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In Section 7.2 of Hastie, Tibshirani, and Friedman (2013) The Elements of Statistic Learning, we have the target variable $Y$, and a prediction model $\hat{f}(X)$ that has been estimated from a training set $\mathcal{T} = \{Y_1, ..., Y_N, X_1, ..., X_N\}$. The loss is denoted $L(Y, \hat{f}(X))$, and then the authors define the test error: \begin{equation} \mathrm{Err}_{\mathcal{T}} = \mathbb{E} \left[ L(Y, \hat{f}(X)) | \mathcal{T} \right] , \end{equation} and the expected test error: \begin{equation} \mathrm{Err} = \mathbb{E} (\mathrm{Err}_{\mathcal{T}}) . \end{equation} The authors then state:

Estimation of $\mathrm{Err}_{\mathcal{T}}$ will be our goal...

My question: Why do we care more about $\mathrm{Err}_{\mathcal{T}}$ than $\mathrm{Err}$?

I would have thought that the quantity that measures expected loss, regardless of the training sample used, would be more interesting than the expected loss that conditions on one specific training sample. What am I missing here?

Also, I've read this answer here which (based on my possibly incorrect reading) seems to agree with me that $\mathrm{Err}$ is the quantity of interest, but suggests that we often talk about $\mathrm{Err}_{\mathcal{T}}$ because it can be estimated by cross-validation. But this seems to contradict Section 7.12 of the textbook, which (again by my possibly incorrect reading) seems to suggest that cross-validation provides a better estimate of $\mathrm{Err}$ than $\mathrm{Err}_{\mathcal{T}}$.

I'm going around in circles on this one so thought I would ask here.

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Why do we care more about $\operatorname{Err}_{\mathcal{T}}$ than Err?

I can only guess, but I think it is a reasonable guess.

The former concerns the error for the training set we have right now. It answers "If I were to use this dataset to train this model, what kind of error would I expect?". It is easy to think of the type of people who would want to know this quantity (e.g. data scientists, applied statisticians, basically anyone using a model as a means to an end). These people don't care about the properties of the model across new training sets per se, they only care about how the model they made will perform.

Contrast this to the latter error, which is the expectation of the former error across all training sets. It answers "Were I to collect an infinite sequence of new training examples, and were I to compute $\operatorname{Err}_{\mathcal{T}}$ for each of those training sets in an infinite sequence, what would be average value of that sequence of errors?". It is easy to think of the type of people who care about this quantity (e.g. researchers, theorists, etc). These people are not concerned with any one instance of a model (in contrast to the people in the previous paragraph), they are interested in the general behavior of a model.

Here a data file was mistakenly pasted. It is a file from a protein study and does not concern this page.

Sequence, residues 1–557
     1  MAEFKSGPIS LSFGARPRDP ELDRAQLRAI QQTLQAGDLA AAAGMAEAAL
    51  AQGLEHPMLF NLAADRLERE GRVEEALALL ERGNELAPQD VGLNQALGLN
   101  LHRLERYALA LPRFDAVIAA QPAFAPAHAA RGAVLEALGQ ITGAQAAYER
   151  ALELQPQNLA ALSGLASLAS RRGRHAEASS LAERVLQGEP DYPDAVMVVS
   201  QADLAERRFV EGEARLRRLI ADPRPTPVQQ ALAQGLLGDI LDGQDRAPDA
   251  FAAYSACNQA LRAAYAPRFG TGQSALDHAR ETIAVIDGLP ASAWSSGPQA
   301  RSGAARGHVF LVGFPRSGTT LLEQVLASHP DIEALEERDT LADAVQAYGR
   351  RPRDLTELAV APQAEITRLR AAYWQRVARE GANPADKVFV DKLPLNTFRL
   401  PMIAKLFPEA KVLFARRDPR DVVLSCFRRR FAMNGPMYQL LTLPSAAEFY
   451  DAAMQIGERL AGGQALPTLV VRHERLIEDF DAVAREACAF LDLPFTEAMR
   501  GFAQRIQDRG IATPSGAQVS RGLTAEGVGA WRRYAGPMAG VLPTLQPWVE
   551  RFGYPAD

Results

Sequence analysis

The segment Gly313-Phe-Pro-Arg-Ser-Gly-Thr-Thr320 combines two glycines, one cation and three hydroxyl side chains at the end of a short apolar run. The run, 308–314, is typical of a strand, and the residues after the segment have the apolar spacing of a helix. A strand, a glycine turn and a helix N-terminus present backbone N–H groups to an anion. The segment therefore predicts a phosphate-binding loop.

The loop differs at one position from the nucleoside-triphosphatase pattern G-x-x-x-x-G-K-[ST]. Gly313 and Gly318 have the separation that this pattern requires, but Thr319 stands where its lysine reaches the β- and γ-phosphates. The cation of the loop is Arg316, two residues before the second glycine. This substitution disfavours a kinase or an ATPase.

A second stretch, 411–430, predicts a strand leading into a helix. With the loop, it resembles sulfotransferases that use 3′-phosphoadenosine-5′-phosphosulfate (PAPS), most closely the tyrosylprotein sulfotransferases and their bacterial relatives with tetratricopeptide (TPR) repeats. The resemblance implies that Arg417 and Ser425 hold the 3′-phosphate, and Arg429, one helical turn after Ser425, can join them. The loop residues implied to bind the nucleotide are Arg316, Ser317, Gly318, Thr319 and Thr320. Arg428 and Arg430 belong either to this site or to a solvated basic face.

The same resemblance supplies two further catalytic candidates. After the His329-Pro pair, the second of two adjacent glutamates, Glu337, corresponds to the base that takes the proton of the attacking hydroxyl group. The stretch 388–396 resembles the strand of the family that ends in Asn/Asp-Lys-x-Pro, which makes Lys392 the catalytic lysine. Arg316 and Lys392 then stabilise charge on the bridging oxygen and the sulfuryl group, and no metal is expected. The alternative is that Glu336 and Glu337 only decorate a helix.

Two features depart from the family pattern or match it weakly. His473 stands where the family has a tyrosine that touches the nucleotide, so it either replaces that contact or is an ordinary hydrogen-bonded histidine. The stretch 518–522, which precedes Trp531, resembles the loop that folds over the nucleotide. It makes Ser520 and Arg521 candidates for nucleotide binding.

So why the former and not the latter? The book is largely concerned with how to fit and validate models when readers have a single dataset in hand and want to know how that model may perform on new data.

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    $\begingroup$ +1 it is a bit like the distinction between a credible interval and a confidence interval, which are answers to different questions. A credible interval gives you a probabilistic bound on the quantity of interest given the information contained in your particular sample of data. The confidence interval tells you something about what you would see from analysis of a population of datasets. Both are useful, but not for the same thing. $\endgroup$ Jul 28, 2021 at 14:05
  • $\begingroup$ Thanks for this wonderful answer. I've up-voted and given the answer tick. I just thought I'd add that I've incorporated some ideas from this response into the lecture slides I'm writing and referenced the URL so I'm not passing it off as my own :-) If you'd like I can also include your username in the slides...? $\endgroup$ Aug 9, 2021 at 7:13
  • $\begingroup$ @ColinTBowers You can use my username (which happens to be my real name) should you care to. Do what you think is best $\endgroup$ Aug 9, 2021 at 12:24
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+1 to Demetri Pananos's answer.

It may well be that we apply the same model $f$ to two different training datasets $\mathcal{T}$ and $\mathcal{T}'$. And $\mathrm{Err}_{\mathcal{T}}$ may be quite different than $\mathrm{Err}_{\mathcal{T}'}$ - either much lower, or much higher. This may be of vastly larger importance when we actually apply $f$ than the expected error $\mathrm{Err}$ over all possible $\mathcal{T}$s.

As an example, I do forecasting for supermarket replenishment and apply my model to many, many training datasets (essentially, historical sales of one product at one store). The loss directly transforms into the necessary safety stock. It's much more important to know the necessary safety stock per product and store than the "overall" safety stock.

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Computational Learning Theory, often is concerned with putting bounds on $\mathrm{Err}$, e.g. VC dimension (which doesn't depend on the training set). The Support Vector Machine is an approximate implementation of one such bound (although IMHO the thing that makes it work well is the regularisation, rather than the hinge loss part). Perhaps it could be said that $\mathrm{Err}$ is important in the design of learning algorithms, where as $\mathrm{Err}_\mathcal{T}$ is more relevant when applying them to a particular problem/dataset.

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